A Massachusetts delegation, organized by CABA, is attending the COP23 UN Climate Talks in Bonn, Germany. The following piece is the second in our series on the climate conference.
Updates from COP23 Pt. 2: The Role of Business and Markets in Climate Policy
Today COP23 delegates had the rare opportunity to sit down in an informal conversation with the COP President – the Prime minister of Fiji – and the UNFCCC Executive Secretary to discuss the policies and guidelines for non-state actors at future climate talks. The packed meeting room was filled with NGO representatives huddled around about 30 state representatives and observer delegations. Several issues were front of mind for participants, including increasing opportunities for youth delegates, creating more speaking opportunities, and the lack of transparency. One agenda item seemed to gain the most attention — the role of major polluters within the negotiation halls.
This is not a new issue to international negotiations or the COP process. It was only a few years ago when a large portion of observer organizations walked out of the discussions underneath the rally cry of “Polluters Talk, We Walk”. Now they are back not in protest, but with a solution: include a conflict of interest disclosure clause within UNFCCC.
The effort is currently spearheaded by several of the leading climate action NGOs, including Corporate Accountability International, a relative newcomer to the climate negotiations. CAI recently published a report that takes aim at different interest groups and their relationship to the fossil fuel industry. As we have covered in the past, corporate influence has, at best, challenged the ambition, and at worst, compromised the legitimacy of the negotiation process.
Much of the environmental NGO debate, which was supported by a large array of other constituencies, references the role of corporate sponsorship, as well as official text which promotes climate solutions that are favored by multinational corporations, i.e. carbon markets.
Article Six of the Paris Agreement creates the basic framework for international carbon markets and trading. At COP23 in Bonn, countries are looking to add further context to this framework and start to design the procedures and operations of such markets. The current text leaves the door fairly wide open to carbon tax policies, cap and trade programs, and cap and invest policies. It also mentions the opportunity for signatory states to trade mitigation credits across international borders. This may allow the wealthiest countries to do very little to reduce emissions and instead buy emission credits from those who see an opportunity in monetizing forests and other carbon sinks (predominantly in the Global South).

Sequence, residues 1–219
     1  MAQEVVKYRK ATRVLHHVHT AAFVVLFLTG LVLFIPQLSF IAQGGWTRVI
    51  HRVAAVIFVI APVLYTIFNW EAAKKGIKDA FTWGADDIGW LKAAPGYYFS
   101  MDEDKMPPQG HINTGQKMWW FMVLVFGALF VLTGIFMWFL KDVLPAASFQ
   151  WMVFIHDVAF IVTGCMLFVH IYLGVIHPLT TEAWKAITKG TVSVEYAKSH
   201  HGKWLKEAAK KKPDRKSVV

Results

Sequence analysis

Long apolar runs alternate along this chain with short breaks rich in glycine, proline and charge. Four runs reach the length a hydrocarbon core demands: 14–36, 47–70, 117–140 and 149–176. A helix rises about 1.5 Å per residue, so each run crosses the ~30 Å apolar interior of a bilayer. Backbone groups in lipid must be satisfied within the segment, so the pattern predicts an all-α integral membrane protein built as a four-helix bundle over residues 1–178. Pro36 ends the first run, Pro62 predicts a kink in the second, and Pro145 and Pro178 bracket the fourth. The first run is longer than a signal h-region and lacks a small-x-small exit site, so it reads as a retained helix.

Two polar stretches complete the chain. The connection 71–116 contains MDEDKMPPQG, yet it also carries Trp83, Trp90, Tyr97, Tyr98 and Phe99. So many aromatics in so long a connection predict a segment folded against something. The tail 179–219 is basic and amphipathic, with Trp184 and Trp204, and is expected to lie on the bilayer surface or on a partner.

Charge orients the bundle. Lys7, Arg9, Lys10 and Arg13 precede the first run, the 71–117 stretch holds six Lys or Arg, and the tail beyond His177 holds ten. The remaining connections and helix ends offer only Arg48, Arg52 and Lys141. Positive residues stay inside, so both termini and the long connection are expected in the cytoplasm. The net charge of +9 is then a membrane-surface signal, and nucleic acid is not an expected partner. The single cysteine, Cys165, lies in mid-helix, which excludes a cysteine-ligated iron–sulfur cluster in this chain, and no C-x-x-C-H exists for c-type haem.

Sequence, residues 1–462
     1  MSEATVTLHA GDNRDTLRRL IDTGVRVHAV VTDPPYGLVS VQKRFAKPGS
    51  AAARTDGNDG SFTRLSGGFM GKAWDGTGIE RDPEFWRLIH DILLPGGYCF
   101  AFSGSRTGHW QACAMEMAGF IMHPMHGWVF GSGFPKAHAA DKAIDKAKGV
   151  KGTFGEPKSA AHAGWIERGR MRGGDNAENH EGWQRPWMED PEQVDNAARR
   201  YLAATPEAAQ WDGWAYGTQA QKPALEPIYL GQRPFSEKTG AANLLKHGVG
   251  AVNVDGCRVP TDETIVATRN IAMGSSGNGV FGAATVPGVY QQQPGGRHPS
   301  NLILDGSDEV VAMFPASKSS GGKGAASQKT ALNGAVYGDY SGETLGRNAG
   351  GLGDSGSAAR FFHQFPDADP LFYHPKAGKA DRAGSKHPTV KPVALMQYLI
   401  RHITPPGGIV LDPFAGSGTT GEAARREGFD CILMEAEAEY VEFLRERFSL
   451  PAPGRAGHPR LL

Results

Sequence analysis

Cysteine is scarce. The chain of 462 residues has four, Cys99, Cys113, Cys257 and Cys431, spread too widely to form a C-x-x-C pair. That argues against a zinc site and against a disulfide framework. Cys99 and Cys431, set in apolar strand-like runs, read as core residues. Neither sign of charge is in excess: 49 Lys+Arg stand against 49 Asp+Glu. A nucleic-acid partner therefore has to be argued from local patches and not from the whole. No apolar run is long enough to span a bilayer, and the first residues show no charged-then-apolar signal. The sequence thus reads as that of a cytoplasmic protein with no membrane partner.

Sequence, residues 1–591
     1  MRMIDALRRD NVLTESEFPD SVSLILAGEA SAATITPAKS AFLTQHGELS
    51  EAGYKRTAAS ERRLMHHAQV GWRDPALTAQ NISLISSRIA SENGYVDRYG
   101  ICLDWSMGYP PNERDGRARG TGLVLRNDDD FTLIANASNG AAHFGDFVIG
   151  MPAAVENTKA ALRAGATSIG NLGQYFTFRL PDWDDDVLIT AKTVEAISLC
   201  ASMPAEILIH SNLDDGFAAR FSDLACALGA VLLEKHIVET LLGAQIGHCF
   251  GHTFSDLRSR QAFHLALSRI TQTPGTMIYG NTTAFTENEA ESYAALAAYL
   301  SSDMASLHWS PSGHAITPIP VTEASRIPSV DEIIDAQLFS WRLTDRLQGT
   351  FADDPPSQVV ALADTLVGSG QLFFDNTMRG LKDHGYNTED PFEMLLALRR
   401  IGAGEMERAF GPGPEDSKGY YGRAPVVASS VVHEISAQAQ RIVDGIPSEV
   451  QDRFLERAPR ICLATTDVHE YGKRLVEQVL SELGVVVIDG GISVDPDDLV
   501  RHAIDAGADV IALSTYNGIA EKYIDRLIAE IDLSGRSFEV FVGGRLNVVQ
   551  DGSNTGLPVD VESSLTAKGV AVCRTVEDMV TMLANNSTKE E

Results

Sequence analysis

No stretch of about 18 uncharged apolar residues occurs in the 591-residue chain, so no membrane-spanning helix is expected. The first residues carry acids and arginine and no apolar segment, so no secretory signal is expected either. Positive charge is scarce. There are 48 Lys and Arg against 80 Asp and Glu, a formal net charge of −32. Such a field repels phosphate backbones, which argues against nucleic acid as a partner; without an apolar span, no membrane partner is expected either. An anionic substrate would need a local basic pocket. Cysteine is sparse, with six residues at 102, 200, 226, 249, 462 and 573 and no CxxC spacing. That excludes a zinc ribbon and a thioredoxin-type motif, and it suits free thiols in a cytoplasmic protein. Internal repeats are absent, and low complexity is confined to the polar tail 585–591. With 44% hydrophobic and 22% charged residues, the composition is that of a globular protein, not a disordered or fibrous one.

While we certainly share many of these concerns, banning future business engagement and the denouncement of market mechanisms as a “pervasive and insidious hold of the neoliberal ideology” is misguided. The shortcomings of the European Union Emissions Trading System receives much of the focus; however, the effectiveness of subnational emissions markets, such as the efforts happening in California, British Columbia, Quebec and the Northeast’s RGGI, are ignored. All of these instances have led to large reductions in emissions while also providing investment in communities as they undergo crucial transitions away from fossil fuels. Those who are attending the climate talks and challenge markets should look at replicating best practices and promoting success stories rather than pushing back on Article Six in its entirety.
Many business leaders attend the COPs looking for a constructive outcome. They provide technical assistance, a gateway into frontline communities, and return to their communities to promote the solutions they learn along the way. Encouraging good faith actors at future COPs is a must. If there are institutions or groups that are only there to disrupt the process and promote anti-climate science to garnish individual profit, the UNFCCC must recognize this and propose a new accreditation process. At the same time, not all business is there to disrupt the proceedings, and in many cases businesses have been a constructive partner to state and NGO actors.
The Climate Action Business Association will be providing updates daily during COP23 in Bonn, Germany. This year’s delegation is spearheaded by Executive Director, Michael Green and consists of policy makers from the Massachusetts State House. Representative Jim Cantwell, Representative Josh Cutler, Representative Jen Benson and Senator Michael Barrett will be joining Mr. Green at the climate talks. The delegation is supported by staff from Northeastern University. Follow CABA News and social media for the latest news and updates.